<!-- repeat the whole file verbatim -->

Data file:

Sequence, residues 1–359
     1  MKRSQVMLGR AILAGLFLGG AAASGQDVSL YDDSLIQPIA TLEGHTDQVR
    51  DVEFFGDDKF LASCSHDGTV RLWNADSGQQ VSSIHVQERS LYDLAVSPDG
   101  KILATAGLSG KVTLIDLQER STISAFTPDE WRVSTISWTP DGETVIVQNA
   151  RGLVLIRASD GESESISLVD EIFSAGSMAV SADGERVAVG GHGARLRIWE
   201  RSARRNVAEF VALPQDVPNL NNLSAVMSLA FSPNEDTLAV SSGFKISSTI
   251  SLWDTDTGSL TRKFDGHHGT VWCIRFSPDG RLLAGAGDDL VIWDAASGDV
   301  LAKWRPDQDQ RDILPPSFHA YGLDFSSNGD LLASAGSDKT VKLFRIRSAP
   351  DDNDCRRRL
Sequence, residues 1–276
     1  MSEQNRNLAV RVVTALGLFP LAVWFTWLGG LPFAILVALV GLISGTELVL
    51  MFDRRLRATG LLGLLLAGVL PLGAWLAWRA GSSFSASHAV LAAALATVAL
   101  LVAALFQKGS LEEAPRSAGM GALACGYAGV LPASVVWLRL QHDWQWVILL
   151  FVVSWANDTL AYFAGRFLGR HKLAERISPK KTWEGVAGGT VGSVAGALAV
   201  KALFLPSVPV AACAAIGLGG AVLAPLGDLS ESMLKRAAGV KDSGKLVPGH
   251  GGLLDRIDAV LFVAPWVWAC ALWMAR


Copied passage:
Sequence, residues 1–359
     1  MKRSQVMLGR AILAGLFLGG AAASGQDVSL YDDSLIQPIA TLEGHTDQVR
    51  DVEFFGDDKF LASCSHDGTV RLWNADSGQQ VSSIHVQERS LYDLAVSPDG
   101  KILATAGLSG KVTLIDLQER STISAFTPDE WRVSTISWTP DGETVIVQNA
   151  RGLVLIRASD GESESISLVD EIFSAGSMAV SADGERVAVG GHGARLRIWE
   201  RSARRNVAEF VALPQDVPNL NNLSAVMSLA FSPNEDTLAV SSGFKISSTI
   251  SLWDTDTGSL TRKFDGHHGT VWCIRFSPDG RLLAGAGDDL VIWDAASGDV
   301  LAKWRPDQDQ RDILPPSFHA YGLDFSSNGD LLASAGSDKT VKLFRIRSAP
   351  DDNDCRRRL
Sequence, residues 1–276
     1  MSEQNRNLAV RVVTALGLFP LAVWFTWLGG LPFAILVALV GLISGTELVL
    51  MFDRRLRATG LLGLLLAGVL PLGAWLAWRA GSSFSASHAV LAAALATVAL
   101  LVAALFQKGS LEEAPRSAGM GALACGYAGV LPASVVWLRL QHDWQWVILL
   151  FVVSWANDTL AYFAGRFLGR HKLAERISPK KTWEGVAGGT VGSVAGALAV
   201  KALFLPSVPV AACAAIGLGG AVLAPLGDLS ESMLKRAAGV KDSGKLVPGH
   251  GGLLDRIDAV LFVAPWVWAC ALWMAR